Jun. 13 absentee ballot for overseas voters

Obama 304   McCain 221   Ties 13
Senate: Dem 58   GOP 42  
House: Dem 238   GOP 197  

Senate map and races
Downloadable polling data
Previous report
Next report

strong Dem Strong Dem (175)
weak Dem Weak Dem (69)
barely Dem Barely Dem (60)
tied Exactly tied (13)
barely GOP Barely GOP (15)
weak GOP Weak GOP (53)
strong GOP Strong GOP (153)
270 Electoral votes needed to win
Map algorithm explained
Presidential polls today: IA NC NJ NY OK WA WI RSS
Dem pickups (vs. 2004): CO IA MO NM OH GOP pickups (vs. 2004): (None)  

News from the Votemaster

The mud has started to fly. A key Republican strategy will be to attack Michelle Obama as unpatriotic. This could backfire though if women rally to Michelle's side and are turned off by the Republicans attacking someone who is not running for office herself. Fetch your buckets, everyone. Here it comes.

NRSC chairman Sen. John Ensign (R-NV) said that he expects to keep his losses in the Senate to eight seats, max. Not exactly optimistic talk. Usually guys charged with winning back control of the Senate say they are going to win half a dozen seats, not lose up to eight. He probably has already conceded Virginia, New Hampshire, Colorado, and New Mexico, and is worried silly about Alaska, Maine, Oregon, and Minnesota. That makes eight. And then there is Roger Wicker's seat in Mississippi which is not supposed to be competitive but which polls show to be a statistical tie. To follow the Senate contests, click on the "Senate map and races" link to the right of the map. It is updated whenever there are new Senate polls.

Tuesday, Wednesday, and yesterday, we looked at all the previous Veep nominees over the past 60 years and possible Veep candidates among Democratic female senators. Today let's look at women governors for potential Veep material.

  • Ruth Minner (D-DE) is the nation's longest serving female governor. She has been in elected office since 1974, serving in the state house, the state senate, as lieutenant governor and since 2001 as governor. Her experience is clearly a strength but at 73, she is older than John McCain. A nonstarter. One footnote however, Sen. Joe Biden (D-DE) is a potential Veep (or potential Secretary of State) and in the event of his resignation from the Senate, she can be counted on to appoint a Democrat to the Senate.

  • Christine Gregoire (D-WA) (61) won an extremely narrow victory in 2008, actually losing initially and after the first recount. This makes her look like a weak candidate in a Democratic state. Obama needs to project strength, so she's an unlikely running mate.

  • Jennifer Granholm (D-MI) is a young (49) dynamic woman from a state that has been hit hard economically. Her presence on the ticket would be a signal to both women and blue collar workers that Obama cares about them. Her main drawback is that she is not constitutionally eligible to be President and hence not Vice President: she was born in Vancouver, Canada. So while she could serve in Obama's cabinet, she can't be Veep. It would take a constitutional amendment to make her eligible. The Republicans might actually be willing to vote for such an amendment, however, with the Austrian-born California governor Arnold Schwarzenegger in mind. But the process takes much too long since 38 states have to ratify it after Congress has passed the amendment (with 2/3 of each chamber voting for it). Speaking of Schwarzenegger, here is a picture from the NY Times of his front lawn.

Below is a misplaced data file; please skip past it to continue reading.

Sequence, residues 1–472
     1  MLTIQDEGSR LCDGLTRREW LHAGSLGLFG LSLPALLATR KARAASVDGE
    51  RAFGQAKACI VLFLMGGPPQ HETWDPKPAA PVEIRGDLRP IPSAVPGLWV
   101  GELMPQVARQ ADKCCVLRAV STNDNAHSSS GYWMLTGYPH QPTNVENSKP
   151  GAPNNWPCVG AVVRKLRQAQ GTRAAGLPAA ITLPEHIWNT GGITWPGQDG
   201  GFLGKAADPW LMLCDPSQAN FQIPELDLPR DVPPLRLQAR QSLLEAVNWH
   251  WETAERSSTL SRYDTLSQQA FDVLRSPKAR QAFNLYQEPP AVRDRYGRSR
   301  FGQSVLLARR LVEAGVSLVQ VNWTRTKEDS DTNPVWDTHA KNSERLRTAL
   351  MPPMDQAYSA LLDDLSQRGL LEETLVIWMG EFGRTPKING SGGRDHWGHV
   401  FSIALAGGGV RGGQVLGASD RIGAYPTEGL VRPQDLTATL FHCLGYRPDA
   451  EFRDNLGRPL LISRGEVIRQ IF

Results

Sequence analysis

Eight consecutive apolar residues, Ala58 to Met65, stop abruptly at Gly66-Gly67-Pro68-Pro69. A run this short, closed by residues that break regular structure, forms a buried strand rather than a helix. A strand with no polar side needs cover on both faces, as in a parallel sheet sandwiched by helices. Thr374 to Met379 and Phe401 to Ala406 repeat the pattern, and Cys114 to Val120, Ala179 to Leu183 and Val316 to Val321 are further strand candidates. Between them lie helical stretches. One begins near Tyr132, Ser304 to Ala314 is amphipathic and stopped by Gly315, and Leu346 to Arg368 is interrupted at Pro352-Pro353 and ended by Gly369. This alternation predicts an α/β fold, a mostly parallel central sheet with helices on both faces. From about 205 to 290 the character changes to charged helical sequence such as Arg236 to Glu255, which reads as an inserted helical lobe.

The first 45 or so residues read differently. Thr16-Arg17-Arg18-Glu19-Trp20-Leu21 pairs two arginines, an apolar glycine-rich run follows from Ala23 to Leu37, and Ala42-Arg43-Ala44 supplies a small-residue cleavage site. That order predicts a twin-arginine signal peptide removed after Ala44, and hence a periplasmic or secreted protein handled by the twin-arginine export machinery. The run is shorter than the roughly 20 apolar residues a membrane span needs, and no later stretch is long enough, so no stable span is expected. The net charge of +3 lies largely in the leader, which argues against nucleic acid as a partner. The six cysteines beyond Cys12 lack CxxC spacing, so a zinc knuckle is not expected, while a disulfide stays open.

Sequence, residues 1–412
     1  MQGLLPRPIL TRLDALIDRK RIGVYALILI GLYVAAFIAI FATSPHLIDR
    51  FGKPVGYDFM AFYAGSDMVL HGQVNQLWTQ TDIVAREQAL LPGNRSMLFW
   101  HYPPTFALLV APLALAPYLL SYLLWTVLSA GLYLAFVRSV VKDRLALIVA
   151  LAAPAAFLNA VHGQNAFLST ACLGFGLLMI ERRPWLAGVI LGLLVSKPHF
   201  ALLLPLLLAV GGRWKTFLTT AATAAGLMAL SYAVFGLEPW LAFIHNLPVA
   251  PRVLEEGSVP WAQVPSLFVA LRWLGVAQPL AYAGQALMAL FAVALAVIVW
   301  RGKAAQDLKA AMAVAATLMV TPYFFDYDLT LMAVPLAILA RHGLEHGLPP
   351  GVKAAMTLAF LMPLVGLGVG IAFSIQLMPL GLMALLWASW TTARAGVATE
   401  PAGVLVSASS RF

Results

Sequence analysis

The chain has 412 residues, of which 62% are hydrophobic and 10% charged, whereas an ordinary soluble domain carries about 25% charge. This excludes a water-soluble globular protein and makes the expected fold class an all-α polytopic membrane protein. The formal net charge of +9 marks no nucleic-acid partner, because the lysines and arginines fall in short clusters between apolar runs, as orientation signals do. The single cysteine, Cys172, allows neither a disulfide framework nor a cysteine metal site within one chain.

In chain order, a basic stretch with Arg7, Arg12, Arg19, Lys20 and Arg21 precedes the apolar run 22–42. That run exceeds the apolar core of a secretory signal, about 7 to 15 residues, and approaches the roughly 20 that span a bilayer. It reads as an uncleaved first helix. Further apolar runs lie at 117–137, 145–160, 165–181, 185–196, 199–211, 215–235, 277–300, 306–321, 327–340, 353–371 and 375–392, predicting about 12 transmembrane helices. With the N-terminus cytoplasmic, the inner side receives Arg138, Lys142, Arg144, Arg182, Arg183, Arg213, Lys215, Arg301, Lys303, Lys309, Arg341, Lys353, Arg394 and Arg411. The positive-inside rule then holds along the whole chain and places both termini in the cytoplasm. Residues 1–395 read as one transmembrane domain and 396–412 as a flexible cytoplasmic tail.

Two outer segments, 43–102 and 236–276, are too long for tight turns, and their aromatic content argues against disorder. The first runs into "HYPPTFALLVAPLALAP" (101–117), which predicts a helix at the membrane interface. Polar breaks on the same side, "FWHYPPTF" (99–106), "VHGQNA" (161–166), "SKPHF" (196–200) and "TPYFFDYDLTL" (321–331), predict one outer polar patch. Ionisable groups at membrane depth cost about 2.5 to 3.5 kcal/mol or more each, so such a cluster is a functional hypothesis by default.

Arnold Schwarzenegger's house
    Why two signs? His wife, Maria Shriver, is a member of the Kennedy clan.

  • Janet Napolitano (D-AZ) is the governor of John McCain's state, Arizona. At 50, she fits in well with Obama's themes of youth and change. Time magazine once named her one of the nation's top five governors. A drawback is that against a ticket headed by McCain, she probably couldn't even win her own state.

  • Kathleen Sebelius (D-KS) is 60 but looks younger. She moved to Kansas when she was 26 and was promptly elected to the state legislature. She has served in various state positions since then. Her father, John Gilligan, was governor of Ohio and her father-in-law, Keith Sebelius was a congressman, so she comes from a fairly political environment. Although she probably couldn't win her home state of Kansas, she can thought of as a Hillary Clinton with the experience but without the divisiveness. She has gotten along well with the Republicans who control both houses of the state legislature (75% in the state senate). If Obama wants to do something to show women that he hears them, Sebelius would be an interesting choice: a somewhat older, experienced woman with executive experience who doesn't ruffle feathers. Sebelius is Catholic, which may help somewhat in the rust belt. She is likely to make the short list in any event.

We have a number of polls today, as follows.

State Obama McCain Start End Pollster
Iowa 45% 38% Jun 10 Jun 10 Rasmussen
North Carolina 43% 45% Jun 10 Jun 10 Rasmussen
New Jersey 45% 39% Jun 05 Jun 08 Quinnipiac U.
Oklahoma 38% 52% Jun 09 Jun 11 Research 2000
Washington 53% 35% Jun 09 Jun 09 Rasmussen
Wisconsin 50% 37% Jun 08 Jun 10 U. of Wisconsin

A new Senate poll in North Carolina puts Sen. Liddy Dole (R-NC) ahead of Kay Hagen (D) 53% to 39%. Earlier polls had it much closer. This one could yet be competitive. In Oklahoma, Sen. James Inhofe (R-OK) is way ahead of challenger Andrew Rice, 53% to 31%.

-- The Votemaster
WWW www.electoral-vote.com